Microsatelite Instability (MSI)

Microsatellites are areas of the genome comprised of mononucleotide (e.g. AAAAA) or dinucleotide (e.g. CGCGCGCG) repeats. Errors in DNA replication are more likely to occur in microsatellites during cell division. Because of the repeated sequences, the new and template DNA strands may become misaligned during DNA replication, leading to replication machinery slippage that results in too many or too few repeats in the microsatellite. The term microsatellite instability is used to describe the resulting incorrect number of microsatellite repeats.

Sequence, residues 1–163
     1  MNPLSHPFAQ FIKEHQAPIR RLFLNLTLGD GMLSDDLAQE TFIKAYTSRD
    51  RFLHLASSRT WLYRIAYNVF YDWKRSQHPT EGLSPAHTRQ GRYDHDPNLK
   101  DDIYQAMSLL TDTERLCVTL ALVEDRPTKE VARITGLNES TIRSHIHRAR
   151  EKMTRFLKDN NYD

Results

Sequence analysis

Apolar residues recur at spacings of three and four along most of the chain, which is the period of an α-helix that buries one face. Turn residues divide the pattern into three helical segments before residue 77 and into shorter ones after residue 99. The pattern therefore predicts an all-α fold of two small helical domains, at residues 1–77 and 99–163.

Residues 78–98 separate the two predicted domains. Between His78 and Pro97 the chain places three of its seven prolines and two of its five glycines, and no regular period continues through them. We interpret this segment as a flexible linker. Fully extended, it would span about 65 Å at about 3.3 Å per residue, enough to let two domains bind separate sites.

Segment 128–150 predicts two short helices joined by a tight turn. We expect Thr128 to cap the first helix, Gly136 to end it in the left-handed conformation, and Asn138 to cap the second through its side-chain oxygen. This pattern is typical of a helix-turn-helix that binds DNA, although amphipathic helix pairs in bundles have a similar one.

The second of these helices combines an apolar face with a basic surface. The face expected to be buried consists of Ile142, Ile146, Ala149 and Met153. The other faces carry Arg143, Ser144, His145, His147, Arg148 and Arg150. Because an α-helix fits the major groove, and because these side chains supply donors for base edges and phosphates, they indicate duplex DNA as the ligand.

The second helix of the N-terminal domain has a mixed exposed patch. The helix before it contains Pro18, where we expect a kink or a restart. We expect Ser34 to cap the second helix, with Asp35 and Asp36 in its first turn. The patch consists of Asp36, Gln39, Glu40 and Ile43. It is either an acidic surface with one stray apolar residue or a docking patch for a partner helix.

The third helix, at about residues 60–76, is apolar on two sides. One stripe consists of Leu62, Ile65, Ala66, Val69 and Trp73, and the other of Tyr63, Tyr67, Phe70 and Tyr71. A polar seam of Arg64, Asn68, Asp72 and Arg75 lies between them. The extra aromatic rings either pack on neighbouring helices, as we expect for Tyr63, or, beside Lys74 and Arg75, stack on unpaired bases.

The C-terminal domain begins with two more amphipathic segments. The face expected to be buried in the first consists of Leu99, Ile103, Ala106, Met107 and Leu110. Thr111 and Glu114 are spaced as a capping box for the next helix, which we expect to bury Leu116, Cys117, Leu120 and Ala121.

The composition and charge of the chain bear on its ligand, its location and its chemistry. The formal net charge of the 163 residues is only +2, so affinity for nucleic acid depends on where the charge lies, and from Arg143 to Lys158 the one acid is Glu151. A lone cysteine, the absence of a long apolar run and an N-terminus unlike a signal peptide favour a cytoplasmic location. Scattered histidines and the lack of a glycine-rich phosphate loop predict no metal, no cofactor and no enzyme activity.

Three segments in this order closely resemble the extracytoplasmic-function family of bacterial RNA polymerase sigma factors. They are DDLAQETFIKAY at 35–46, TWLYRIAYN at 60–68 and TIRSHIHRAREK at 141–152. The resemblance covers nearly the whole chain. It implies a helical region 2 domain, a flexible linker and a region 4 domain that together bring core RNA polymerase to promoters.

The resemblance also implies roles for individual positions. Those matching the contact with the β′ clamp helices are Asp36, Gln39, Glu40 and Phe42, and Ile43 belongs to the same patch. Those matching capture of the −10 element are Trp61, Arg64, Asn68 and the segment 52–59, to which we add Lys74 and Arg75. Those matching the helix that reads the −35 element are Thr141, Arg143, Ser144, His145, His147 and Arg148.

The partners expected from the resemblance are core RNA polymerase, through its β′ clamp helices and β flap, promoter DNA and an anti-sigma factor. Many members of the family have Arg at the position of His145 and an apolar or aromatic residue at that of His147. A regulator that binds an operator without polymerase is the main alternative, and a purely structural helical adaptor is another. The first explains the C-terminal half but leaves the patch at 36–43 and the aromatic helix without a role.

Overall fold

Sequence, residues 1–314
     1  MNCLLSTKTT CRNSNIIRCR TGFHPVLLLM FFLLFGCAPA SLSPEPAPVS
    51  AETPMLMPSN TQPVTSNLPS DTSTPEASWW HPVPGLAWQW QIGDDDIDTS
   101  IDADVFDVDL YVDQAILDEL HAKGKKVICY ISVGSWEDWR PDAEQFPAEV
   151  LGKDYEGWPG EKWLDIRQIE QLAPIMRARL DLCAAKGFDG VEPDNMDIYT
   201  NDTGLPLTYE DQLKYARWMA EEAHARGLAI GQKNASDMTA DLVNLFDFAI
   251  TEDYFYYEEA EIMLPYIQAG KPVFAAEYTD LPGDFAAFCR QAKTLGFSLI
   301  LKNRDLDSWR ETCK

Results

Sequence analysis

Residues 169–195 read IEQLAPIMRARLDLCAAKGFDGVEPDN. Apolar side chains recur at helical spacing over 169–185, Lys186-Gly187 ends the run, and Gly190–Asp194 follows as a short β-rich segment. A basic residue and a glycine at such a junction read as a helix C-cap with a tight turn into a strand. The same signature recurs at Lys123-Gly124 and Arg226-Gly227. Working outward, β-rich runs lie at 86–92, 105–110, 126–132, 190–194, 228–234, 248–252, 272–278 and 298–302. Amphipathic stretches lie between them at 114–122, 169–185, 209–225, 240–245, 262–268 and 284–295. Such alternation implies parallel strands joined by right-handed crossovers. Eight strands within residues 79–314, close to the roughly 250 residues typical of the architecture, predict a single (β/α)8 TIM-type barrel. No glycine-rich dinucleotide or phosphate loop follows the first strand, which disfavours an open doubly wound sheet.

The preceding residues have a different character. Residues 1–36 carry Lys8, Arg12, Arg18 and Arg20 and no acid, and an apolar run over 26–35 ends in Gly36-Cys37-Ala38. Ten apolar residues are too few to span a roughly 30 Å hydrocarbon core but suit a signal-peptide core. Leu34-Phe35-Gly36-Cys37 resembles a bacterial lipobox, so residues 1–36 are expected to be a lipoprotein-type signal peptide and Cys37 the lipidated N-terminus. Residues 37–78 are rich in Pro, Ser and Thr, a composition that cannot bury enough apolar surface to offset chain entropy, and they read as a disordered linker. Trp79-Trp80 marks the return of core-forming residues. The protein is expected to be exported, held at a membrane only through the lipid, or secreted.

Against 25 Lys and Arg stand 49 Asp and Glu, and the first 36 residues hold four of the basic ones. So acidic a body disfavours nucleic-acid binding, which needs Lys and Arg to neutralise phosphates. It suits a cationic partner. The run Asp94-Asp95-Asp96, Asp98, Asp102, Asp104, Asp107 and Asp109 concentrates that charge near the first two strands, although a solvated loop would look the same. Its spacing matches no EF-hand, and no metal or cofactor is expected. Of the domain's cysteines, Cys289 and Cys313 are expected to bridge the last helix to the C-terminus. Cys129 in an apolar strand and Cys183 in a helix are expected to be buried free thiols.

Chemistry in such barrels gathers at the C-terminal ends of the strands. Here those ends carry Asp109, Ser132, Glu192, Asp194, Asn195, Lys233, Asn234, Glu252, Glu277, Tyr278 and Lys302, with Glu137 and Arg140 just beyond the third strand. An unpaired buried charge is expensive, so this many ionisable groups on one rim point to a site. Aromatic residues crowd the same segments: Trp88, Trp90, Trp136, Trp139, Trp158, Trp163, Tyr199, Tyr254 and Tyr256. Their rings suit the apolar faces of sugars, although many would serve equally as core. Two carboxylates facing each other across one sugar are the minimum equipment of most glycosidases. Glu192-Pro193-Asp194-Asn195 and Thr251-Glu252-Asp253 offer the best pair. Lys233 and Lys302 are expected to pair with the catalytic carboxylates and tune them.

Individuals who have Lynch syndrome are more likely to have tumors with microsatellite instability since the loss of mismatch repair gene function prevents the correction of errors that occur during DNA replication. Approximately 90% of colon tumors from individuals with Lynch syndrome demonstrate microsatellite instability, whereas only approximately 15% of sporadic colon tumors do.